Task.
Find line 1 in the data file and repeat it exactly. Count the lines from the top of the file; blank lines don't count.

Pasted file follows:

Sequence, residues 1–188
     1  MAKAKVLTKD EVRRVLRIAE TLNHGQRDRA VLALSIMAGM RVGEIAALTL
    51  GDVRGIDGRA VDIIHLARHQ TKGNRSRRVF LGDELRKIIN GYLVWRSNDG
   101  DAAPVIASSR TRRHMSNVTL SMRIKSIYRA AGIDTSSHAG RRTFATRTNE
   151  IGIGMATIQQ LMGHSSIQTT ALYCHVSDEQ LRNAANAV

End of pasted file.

Sequence, residues 1–188